Social science textbooks assume that war spurs innovation and note that the large-scale manufacturing of penicillin, for example, and the development of nylon and aerosol sprays occurred during the First World War.

But that’s nothing compared to the many benefits of the Second World War, we’re told, which brought us benefits ranging from atomic energy to jet engines and the world’s first electronic computing devices, which were developed to break the Nazi “Enigma” codes.

The Second World War changed the nature of scientific research as well. After the war, large-scale federally-funded laboratories devoted to practical applications for new research replaced the small academic laboratories that had existed before the war.

Later, the Cold War brought us the interstate highway system, modeled on Hitler’s autobahn system in Germany, to allow for fast movement of troops and weaponry across the American mainland.

And of course, who can forget Tang? For years, it was claimed by NASA and the Feds that Tang was a byproduct of the government’s space program, although in this case, it’s difficult to claim any real connection at all, as Tang had been developed by General Foods before NASA’s Project Mercury even began. (Today, even NASA admits that the space program merely used Tang, and did not invent it.)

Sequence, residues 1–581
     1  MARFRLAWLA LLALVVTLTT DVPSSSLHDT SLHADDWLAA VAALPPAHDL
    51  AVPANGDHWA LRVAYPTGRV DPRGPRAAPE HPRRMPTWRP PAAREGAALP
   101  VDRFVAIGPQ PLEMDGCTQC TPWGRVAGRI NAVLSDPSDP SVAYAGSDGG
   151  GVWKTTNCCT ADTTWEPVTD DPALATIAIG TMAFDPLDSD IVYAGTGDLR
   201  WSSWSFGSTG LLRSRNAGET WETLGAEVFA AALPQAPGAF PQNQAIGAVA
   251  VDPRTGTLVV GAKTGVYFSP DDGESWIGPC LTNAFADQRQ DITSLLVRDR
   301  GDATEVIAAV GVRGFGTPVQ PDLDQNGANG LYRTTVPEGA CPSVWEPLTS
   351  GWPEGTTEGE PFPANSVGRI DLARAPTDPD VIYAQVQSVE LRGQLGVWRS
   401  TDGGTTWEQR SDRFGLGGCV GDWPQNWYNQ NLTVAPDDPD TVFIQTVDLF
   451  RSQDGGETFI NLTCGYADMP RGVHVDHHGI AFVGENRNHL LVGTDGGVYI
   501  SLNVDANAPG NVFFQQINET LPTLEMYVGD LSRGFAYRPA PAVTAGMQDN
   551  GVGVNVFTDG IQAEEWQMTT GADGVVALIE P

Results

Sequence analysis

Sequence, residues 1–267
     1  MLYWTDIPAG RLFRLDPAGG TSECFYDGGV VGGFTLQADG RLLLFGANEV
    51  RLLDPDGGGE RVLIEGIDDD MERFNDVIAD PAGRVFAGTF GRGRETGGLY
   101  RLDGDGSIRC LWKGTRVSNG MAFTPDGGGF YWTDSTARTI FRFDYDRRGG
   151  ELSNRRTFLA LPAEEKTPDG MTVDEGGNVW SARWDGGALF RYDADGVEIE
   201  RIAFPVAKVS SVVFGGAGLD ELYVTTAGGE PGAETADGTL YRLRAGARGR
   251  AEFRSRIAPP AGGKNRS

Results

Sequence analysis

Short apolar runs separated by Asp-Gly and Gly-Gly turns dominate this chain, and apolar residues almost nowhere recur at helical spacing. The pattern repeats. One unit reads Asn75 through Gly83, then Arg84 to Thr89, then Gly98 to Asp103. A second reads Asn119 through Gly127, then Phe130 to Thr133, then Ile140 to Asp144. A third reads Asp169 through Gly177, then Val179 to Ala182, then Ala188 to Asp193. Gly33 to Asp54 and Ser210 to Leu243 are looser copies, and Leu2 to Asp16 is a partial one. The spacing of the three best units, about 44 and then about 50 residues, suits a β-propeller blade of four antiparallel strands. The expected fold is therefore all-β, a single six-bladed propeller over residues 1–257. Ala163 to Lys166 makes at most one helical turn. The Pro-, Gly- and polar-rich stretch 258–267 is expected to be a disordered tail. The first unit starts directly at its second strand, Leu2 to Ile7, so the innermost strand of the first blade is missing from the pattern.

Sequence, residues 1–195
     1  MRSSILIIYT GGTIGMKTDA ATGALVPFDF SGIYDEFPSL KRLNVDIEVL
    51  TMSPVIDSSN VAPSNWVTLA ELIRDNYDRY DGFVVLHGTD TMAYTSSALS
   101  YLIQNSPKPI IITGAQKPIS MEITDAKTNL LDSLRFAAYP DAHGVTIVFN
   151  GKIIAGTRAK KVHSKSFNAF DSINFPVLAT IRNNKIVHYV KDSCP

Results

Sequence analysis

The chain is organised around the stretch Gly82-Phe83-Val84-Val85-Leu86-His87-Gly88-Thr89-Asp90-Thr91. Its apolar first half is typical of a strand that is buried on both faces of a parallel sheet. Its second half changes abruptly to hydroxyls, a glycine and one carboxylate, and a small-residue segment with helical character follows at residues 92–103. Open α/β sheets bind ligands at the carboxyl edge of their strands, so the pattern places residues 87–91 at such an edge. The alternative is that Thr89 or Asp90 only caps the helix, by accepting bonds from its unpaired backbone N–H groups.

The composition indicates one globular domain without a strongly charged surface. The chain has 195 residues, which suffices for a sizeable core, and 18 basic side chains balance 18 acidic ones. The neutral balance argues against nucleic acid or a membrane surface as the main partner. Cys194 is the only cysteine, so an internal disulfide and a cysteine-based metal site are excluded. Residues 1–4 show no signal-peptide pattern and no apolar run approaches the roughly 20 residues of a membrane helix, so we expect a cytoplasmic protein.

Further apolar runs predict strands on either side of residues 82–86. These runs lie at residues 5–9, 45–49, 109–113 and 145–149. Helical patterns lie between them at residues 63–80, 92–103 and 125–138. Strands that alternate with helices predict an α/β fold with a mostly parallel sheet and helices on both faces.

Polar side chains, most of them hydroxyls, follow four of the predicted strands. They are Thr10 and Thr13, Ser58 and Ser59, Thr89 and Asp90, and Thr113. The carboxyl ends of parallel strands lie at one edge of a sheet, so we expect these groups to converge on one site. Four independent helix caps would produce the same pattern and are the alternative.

It’s true that many (though not all) of these technologies were developed—typically not invented, but refined—by government scientists working on military projects. The question nevertheless remains as to whether or not this model of innovation benefits society at large. Is this a “good side” of war?

The answer is no, for multiple reasons. If we look at each of these cases carefully, we find that the government was usually inefficient, chose bad technologies that crowded out other, privately-funded technologies, and led to inertia in research in directions that the private sector would likely never have supported.